Non-Competes, Career Concerns, and Debt Covenants
57 Pages Posted: 18 Oct 2017
Date Written: July 2017
We study the impact of managers’ career concerns from non-competes enforcement on the design of debt covenants in private debt agreements. Using exogenous changes in the enforceability of managers’ non-compete clauses over the period of 1992-2004 across states in the United States, we show that borrowers headquartered in U.S. states with strong enforcement of non-compete clauses have fewer debt covenants compared to those headquartered in states with weak enforcement after controlling for reporting quality, risk taking, and firm performance. Our evidence is consistent with the argument that reduced job mobility and enhanced career concerns incentivize managers to ex ante avoid debt covenants that may trigger default and lead to high risk of terminating their current employment. Moreover, the effect of the enforceability of noncompetes on debt covenants is more pronounced for managers with limited outside options (i.e., low ability, small network) or firms with strong bargaining power with lenders.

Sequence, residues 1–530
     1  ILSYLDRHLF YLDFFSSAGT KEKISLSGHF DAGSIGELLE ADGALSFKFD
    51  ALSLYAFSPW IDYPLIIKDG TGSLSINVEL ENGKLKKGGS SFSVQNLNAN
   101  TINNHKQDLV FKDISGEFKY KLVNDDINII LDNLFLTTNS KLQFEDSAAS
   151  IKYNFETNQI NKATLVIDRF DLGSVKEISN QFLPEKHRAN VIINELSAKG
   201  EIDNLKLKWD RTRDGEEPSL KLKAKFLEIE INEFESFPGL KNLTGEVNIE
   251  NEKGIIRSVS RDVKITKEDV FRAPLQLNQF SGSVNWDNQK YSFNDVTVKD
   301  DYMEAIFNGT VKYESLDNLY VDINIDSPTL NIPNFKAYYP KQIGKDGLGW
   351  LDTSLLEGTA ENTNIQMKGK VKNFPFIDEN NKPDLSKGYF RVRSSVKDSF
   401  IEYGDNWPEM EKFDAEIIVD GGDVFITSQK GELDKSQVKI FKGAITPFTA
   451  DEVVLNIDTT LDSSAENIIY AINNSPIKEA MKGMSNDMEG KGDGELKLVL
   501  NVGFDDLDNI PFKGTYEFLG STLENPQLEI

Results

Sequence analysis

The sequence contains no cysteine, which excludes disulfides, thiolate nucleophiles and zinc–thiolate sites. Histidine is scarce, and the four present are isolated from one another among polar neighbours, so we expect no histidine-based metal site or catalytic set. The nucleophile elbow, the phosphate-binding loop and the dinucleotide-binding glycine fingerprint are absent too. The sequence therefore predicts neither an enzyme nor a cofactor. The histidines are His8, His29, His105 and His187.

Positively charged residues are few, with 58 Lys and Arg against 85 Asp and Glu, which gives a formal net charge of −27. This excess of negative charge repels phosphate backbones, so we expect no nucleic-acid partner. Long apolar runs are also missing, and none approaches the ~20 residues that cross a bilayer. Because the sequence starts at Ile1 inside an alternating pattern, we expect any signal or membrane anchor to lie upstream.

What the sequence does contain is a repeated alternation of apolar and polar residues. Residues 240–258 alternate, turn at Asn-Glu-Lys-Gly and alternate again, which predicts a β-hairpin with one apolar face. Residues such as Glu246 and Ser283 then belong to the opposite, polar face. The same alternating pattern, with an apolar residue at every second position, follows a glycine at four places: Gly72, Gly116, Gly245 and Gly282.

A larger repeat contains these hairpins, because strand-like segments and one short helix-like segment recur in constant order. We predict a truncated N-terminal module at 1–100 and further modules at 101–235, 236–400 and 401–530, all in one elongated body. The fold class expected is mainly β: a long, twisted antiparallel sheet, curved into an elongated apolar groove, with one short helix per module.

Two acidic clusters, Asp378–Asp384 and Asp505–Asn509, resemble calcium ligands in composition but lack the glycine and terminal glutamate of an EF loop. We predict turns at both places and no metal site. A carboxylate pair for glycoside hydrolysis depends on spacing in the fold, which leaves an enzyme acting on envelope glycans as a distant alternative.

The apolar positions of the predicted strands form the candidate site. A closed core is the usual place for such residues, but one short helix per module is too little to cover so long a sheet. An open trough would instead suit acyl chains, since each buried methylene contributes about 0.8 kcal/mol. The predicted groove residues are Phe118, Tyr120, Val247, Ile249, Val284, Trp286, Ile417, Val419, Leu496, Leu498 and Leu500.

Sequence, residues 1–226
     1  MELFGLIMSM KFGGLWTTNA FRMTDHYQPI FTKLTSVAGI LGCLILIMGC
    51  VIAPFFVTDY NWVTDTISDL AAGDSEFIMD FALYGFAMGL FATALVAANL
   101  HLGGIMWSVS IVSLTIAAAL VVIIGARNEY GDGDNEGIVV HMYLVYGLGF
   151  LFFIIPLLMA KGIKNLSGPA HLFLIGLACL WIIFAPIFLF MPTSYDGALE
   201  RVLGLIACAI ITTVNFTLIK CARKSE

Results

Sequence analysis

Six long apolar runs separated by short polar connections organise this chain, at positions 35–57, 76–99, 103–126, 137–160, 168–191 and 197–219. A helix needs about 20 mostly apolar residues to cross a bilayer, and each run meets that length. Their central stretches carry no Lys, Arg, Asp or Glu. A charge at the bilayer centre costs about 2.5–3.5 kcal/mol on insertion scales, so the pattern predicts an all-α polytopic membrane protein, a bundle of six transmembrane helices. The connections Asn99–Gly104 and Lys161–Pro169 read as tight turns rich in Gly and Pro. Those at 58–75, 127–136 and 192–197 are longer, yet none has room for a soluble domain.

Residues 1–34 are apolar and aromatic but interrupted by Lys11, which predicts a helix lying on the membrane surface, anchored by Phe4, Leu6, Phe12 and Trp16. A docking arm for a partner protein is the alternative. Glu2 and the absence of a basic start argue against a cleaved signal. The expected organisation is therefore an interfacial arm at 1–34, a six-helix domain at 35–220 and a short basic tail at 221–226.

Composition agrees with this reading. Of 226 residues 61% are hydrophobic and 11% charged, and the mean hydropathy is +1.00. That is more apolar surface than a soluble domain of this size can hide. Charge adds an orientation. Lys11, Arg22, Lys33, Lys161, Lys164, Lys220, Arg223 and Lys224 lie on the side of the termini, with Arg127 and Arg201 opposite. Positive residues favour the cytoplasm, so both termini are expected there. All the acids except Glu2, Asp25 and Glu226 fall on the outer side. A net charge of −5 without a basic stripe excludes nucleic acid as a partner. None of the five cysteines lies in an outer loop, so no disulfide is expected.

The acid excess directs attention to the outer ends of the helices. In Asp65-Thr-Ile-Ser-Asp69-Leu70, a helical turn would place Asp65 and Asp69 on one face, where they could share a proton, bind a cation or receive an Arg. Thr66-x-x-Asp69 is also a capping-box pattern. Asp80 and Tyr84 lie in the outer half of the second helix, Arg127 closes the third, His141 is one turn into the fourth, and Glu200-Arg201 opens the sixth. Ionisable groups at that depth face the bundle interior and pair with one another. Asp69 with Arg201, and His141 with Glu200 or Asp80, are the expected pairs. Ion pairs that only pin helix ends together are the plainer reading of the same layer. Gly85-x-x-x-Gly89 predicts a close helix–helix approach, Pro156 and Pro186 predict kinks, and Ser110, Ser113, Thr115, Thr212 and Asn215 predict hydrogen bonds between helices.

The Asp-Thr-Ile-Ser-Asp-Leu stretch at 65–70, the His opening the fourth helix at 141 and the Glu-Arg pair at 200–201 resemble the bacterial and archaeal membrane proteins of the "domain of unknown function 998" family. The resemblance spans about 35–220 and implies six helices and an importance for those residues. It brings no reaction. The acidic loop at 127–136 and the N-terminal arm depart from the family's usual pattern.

Keywords: Non-Compete Clauses, Career Concerns, Debt Covenants
JEL Classification: G21, G31, J41
Suggested Citation: Suggested Citation